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Test Automation: A Reality Check

Welcome to Test Automation – a new blog series for QA professionals and product owners who are committed to optimizing the processes involved in building world-class software products and systems.

In this, the first in the Test Automation series, I touch upon the current state of test automation, address common myths about test automation, and identify the reasons why people look to test automation as a viable solution.

Test Automation is authored by me, Hayden Coomber, a Partner at Toronto-based QA Consultants.

The Current State of Test Automation

The current state of automation can be summed up in to the patterns of two groups – both of which look to test automation to save time, reduce effort, and increase test coverage as a means to increase the quality of software.

The first group, which applies ‘Waterfall’ software development life cycle (SDLC) methodologies, draws upon off-the-shelf test automation solutions (i.e. those with advanced record and replay features to help capture automation scripts). As a result, QA professionals who leverage test automation tools are expected to be skilled in testing alone – rather than have developer and/or programming skills.

The second group of automation adopters follow Agile and Agile-like SDLC methodologies. With rapid sprints and scrums in place, this group have a more adaptive approach to test automation. In practice, that means they use ‘Open Source’ tools and leverage ‘continuous integration’ and ‘continuous test’ principles. This approach is applied for developers who have sufficient dexterity in coding tests rather than having to rely on ‘record and replay’ features.

Regardless, of whether you align with one or the other of these approaches, test automation is evolving rapidly and will shape your testing processes, products, and ultimately your business. Because of that, you should be aware of the misconceptions about test automation that are widely circulated. That’s where I turn to next.

Myths About Test Automation

Regardless of your testing experience, you will come across several myths about test automation. Here are the three most common myths:

Myth: All test automation is equal.
Reality: Test automation looks different for every organization – how it is deployed in your organization depends on your company’s products, projects, project scope, team structure, timelines, and budget.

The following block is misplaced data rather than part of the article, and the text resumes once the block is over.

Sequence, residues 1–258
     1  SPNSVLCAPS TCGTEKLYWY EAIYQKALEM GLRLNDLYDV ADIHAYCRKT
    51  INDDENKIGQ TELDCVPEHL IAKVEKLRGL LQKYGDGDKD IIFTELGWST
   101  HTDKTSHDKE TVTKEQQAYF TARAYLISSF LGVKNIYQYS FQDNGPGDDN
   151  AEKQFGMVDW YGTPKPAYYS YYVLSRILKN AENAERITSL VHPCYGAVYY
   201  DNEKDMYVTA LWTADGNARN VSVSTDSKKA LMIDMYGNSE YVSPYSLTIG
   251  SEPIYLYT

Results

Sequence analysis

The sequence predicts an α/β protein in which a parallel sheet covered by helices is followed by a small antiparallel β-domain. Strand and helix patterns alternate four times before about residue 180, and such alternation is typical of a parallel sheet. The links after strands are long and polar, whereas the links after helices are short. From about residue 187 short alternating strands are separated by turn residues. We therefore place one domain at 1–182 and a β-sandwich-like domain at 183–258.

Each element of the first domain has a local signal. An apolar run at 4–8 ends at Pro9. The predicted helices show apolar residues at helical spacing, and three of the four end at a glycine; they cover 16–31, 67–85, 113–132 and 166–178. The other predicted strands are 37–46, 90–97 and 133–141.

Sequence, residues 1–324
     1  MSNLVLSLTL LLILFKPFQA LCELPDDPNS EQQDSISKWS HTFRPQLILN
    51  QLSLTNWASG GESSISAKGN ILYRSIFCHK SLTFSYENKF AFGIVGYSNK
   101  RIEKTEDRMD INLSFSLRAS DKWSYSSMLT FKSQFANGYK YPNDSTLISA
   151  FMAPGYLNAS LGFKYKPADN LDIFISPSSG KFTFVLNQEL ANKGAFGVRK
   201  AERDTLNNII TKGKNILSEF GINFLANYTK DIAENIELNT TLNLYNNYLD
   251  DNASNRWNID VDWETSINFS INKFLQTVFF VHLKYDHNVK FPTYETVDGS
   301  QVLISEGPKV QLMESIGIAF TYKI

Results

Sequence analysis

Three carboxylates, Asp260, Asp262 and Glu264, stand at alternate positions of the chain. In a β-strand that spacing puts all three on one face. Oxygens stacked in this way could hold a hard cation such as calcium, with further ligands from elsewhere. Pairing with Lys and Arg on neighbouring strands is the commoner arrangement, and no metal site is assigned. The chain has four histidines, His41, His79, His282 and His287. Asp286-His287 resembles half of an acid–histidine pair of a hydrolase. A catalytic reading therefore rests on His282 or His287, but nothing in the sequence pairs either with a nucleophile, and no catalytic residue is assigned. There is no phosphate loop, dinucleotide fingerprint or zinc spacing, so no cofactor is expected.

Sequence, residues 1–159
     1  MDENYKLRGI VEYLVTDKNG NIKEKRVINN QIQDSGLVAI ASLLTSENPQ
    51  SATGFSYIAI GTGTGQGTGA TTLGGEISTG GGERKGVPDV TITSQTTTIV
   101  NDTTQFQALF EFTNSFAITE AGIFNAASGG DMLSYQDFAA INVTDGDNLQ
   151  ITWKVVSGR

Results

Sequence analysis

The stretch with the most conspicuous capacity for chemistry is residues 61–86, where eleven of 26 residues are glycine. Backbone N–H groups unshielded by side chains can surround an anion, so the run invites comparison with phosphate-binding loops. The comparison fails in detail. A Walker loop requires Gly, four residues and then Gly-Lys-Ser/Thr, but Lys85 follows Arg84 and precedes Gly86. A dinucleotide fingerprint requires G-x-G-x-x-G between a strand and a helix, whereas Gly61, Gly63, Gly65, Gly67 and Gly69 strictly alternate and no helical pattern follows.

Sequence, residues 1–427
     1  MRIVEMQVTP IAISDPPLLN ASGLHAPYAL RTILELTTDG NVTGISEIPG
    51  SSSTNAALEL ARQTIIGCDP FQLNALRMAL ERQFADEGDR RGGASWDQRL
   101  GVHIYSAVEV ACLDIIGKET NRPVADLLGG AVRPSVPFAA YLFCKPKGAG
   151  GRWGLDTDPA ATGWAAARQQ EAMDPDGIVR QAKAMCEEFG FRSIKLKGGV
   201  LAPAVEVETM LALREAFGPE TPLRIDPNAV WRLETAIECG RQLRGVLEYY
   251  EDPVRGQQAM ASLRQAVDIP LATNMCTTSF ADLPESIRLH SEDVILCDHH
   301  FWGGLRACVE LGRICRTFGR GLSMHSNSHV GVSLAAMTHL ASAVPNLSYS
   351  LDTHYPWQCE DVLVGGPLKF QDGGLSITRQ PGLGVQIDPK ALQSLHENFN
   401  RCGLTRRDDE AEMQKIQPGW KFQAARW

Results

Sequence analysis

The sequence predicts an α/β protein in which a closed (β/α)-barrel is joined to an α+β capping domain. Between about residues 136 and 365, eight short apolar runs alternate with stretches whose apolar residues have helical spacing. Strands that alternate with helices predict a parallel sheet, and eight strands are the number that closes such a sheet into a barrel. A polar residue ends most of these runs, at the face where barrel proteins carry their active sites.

Myth: All test automation tools are equal.
Reality: Every test automation tool has its ‘sweet spot’. That means that, depending on the level of complexity, you may use a blend of test automation tools to achieve your short- and long-term testing goals. Furthermore, the automation tool(s) you use will vary depending on the application that you are testing and the skills of those responsible for testing.

Myth: Test automation is expensive.
Reality: The cost of test automation is made of three components: test automation software, test authoring, and execution. Here are important things to keep in mind: Test automation software ranges from being free-of-charge to costing several thousand dollars. That means, your budget, and targets for cost recovery will dictate how much you spend on automation software.

  •  Test automation software ranges from being free-of-charge to costing several thousand dollars. That means, your budget, and targets for cost recovery will dictate how much you spend on automation software.
  •  By its design, test automation authoring involves creating testing scripts that are meant to be re-used so that the costs are recovered over a period of time
  •  When authoring is done correctly, the cost for automation execution is minimal.
  •  Test automation software can be leased — instead of purchased – as a way to control costs.

Reasons for Test Automation

Having addressed the most common myths, let’s turn briefly to the project (and business) reasons that lead QA leaders/practitioners and product owners to explore test automation as a viable solution:

  • The direct, and indirect, costs associated with manual testing is growing
  • Project schedules demand a need for conducting more tests
  • The number of identified ‘escaped defects’ are rising
  • The costs associated with repairing software defects is rising and/or is unpredictable

In the next Test Automation blog, I will tackle the question that every QA leader and product owner asks themselves: “Will I see a return on my investment in test automation?”

I do welcome your insights about how the issue of how test automation is shaping your priorities and your projects. Let me know what you think by reaching me via email (HCoomber at or via LinkedIn.